USS George Washington sailors learning Japanese culture in preparation for arrival


YOKOSUKA NAVAL BASE, Japan — It’s never too early to start working on your Japanese table manners — even when you’re aboard an aircraft carrier in South America.

The crew of the USS George Washington is getting its Japan-based Area Orientation Brief and Inter-Cultural Training aboard the ship while participating in military exercises in South America.

The ship is to arrive in Yokosuka in August to replace the aging USS Kitty Hawk.

To prepare sailors for their new home, two trainers from the base’s Fleet and Family Support Center are spending six weeks aboard the carrier, according to base spokeswoman Michelle Stewart.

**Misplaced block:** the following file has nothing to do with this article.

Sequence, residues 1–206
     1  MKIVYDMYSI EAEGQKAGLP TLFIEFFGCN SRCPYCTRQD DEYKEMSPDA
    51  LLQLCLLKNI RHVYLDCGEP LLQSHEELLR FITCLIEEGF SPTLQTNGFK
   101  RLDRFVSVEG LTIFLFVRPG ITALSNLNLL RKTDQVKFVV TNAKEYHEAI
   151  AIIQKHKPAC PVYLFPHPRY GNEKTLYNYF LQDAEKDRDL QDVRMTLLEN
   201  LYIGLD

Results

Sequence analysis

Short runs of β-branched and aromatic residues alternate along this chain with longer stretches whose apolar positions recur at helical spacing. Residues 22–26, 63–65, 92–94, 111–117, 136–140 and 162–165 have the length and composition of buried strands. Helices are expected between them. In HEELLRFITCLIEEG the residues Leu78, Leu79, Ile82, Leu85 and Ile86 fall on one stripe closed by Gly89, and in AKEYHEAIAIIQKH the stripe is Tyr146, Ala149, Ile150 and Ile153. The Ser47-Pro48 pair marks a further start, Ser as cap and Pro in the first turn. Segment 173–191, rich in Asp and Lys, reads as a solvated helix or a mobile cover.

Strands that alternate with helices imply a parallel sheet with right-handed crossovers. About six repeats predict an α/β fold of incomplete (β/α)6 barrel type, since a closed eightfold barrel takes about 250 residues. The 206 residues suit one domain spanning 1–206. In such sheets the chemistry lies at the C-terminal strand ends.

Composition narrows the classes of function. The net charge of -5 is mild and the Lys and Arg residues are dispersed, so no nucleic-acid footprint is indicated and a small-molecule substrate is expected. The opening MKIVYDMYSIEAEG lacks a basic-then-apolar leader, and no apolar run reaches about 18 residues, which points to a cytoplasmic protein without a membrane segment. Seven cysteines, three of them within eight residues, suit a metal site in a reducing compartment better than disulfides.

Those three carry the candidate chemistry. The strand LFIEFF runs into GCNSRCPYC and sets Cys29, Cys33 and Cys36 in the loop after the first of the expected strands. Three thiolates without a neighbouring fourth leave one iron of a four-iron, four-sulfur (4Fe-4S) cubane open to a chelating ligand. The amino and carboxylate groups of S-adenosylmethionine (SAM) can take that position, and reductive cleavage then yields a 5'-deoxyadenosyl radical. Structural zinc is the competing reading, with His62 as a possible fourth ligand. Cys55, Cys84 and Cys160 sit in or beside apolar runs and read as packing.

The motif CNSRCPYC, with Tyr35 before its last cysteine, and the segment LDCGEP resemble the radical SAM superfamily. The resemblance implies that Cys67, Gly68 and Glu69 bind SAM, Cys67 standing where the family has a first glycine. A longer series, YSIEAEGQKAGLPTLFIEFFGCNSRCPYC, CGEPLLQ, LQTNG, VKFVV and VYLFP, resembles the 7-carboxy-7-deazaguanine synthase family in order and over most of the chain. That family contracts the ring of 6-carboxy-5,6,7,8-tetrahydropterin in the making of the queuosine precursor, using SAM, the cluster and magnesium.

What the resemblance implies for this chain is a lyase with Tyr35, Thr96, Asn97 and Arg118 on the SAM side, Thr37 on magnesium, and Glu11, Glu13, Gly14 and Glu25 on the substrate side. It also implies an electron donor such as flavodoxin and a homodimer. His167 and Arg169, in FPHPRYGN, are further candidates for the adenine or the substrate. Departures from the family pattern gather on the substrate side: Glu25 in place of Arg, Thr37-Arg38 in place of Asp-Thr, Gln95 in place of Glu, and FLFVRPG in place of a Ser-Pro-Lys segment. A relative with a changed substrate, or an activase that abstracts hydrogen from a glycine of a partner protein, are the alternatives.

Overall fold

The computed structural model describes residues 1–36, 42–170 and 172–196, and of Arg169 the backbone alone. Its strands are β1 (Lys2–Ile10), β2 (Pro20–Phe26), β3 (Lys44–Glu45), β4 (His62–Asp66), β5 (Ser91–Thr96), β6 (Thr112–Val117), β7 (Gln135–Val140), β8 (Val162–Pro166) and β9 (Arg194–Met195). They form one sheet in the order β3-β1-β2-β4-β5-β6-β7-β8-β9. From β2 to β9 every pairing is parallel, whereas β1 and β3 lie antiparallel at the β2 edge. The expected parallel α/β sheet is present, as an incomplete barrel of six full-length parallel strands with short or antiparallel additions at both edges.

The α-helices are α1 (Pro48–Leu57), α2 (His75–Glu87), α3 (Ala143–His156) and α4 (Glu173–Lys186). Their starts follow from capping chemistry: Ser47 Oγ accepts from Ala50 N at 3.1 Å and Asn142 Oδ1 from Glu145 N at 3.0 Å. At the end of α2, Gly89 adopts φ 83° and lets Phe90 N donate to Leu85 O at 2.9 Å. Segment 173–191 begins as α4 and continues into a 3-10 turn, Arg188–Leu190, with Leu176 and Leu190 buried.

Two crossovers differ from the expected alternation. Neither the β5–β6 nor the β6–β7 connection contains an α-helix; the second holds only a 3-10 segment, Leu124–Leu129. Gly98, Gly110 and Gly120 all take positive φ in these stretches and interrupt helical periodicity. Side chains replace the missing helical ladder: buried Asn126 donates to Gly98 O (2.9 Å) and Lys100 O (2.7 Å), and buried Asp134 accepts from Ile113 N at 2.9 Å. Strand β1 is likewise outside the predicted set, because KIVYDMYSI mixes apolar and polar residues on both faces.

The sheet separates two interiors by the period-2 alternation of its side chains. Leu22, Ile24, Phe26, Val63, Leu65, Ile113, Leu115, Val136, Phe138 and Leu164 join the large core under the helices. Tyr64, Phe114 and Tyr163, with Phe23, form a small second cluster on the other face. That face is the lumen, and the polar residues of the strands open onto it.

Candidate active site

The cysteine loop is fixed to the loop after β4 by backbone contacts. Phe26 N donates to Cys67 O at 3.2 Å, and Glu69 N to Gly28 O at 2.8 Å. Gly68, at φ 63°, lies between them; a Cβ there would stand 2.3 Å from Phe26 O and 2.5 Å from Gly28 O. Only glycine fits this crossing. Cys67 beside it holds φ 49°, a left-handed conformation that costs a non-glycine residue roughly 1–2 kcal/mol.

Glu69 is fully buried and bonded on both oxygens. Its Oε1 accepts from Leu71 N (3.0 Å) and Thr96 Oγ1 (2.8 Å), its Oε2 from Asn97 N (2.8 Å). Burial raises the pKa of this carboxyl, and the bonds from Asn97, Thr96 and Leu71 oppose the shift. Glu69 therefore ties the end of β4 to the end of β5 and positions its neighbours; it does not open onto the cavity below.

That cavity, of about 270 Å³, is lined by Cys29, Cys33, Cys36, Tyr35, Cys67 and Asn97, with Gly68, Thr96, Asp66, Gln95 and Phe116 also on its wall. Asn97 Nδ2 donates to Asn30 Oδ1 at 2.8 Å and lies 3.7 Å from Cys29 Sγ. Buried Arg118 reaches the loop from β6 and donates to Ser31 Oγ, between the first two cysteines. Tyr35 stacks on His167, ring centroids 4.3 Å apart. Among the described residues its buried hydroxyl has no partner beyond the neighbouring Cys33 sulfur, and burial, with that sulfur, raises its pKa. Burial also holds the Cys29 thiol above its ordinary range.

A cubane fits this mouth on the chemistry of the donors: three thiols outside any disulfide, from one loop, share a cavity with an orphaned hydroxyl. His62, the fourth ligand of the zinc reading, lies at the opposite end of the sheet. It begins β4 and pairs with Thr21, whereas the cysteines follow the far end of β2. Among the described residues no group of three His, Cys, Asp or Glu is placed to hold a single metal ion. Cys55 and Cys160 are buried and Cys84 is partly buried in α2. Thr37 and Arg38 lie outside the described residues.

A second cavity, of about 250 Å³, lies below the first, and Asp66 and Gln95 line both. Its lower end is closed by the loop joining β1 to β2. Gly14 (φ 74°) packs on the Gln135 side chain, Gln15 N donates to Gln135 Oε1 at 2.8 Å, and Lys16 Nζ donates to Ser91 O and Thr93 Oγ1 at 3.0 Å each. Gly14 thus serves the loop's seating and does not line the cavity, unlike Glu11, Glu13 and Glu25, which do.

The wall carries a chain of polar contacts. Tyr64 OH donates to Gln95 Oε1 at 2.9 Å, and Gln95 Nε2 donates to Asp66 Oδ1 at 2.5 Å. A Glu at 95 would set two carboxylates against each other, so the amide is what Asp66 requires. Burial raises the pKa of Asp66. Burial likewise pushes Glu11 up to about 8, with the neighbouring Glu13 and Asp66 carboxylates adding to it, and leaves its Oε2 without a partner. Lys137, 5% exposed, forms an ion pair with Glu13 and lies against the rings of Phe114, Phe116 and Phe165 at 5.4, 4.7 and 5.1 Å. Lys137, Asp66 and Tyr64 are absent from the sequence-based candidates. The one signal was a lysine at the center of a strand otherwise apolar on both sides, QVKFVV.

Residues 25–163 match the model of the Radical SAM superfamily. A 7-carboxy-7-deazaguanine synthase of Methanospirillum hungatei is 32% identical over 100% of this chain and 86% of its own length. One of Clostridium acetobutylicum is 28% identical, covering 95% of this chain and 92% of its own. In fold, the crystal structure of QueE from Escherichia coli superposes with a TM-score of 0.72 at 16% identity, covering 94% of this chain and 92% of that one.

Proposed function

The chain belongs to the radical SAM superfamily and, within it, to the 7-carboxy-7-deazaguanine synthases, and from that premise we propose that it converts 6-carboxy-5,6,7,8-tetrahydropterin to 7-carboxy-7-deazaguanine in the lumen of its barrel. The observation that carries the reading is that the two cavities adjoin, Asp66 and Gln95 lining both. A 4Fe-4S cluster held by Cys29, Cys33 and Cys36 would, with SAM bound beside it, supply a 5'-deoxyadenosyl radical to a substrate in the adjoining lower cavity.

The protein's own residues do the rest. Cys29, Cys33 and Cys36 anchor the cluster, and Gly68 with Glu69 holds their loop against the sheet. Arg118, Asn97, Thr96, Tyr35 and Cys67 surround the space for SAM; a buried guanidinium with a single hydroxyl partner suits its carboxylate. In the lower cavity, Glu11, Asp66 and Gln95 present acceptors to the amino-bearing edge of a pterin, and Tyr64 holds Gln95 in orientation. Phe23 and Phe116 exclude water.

Trainers Robert Long and Michael Spiltner are conducting the training and also teaching “extras” like basic Japanese language, table manners, and “Yokoso! Japan,” (translated as “Welcome to Japan”), she said.

They hope to train 2,300 sailors in six weeks, Stewart said. Anyone they miss will take a weeklong class at the Benny Decker Theater after arriving in Yokosuka.

About 700 George Washington sailors also took the written portion of the driver’s exam aboard the ship. Good news for Yokosuka drivers — 85 percent of them passed without even seeing a Japanese road.

CFAY Traffic Safety Officer Russ Tate just returned to Yokosuka after spending 17 days aboard the carrier to conduct over 2,800 hours of traffic safety training, Stewart said.

The new drivers will take their road tests when the ship arrives.

USS George Washington sailors are undergoing their "Area Orientation Brief" at sea to prepare for the aircraft carrier's arrival in Japan.
Courtesy of USS George Washington

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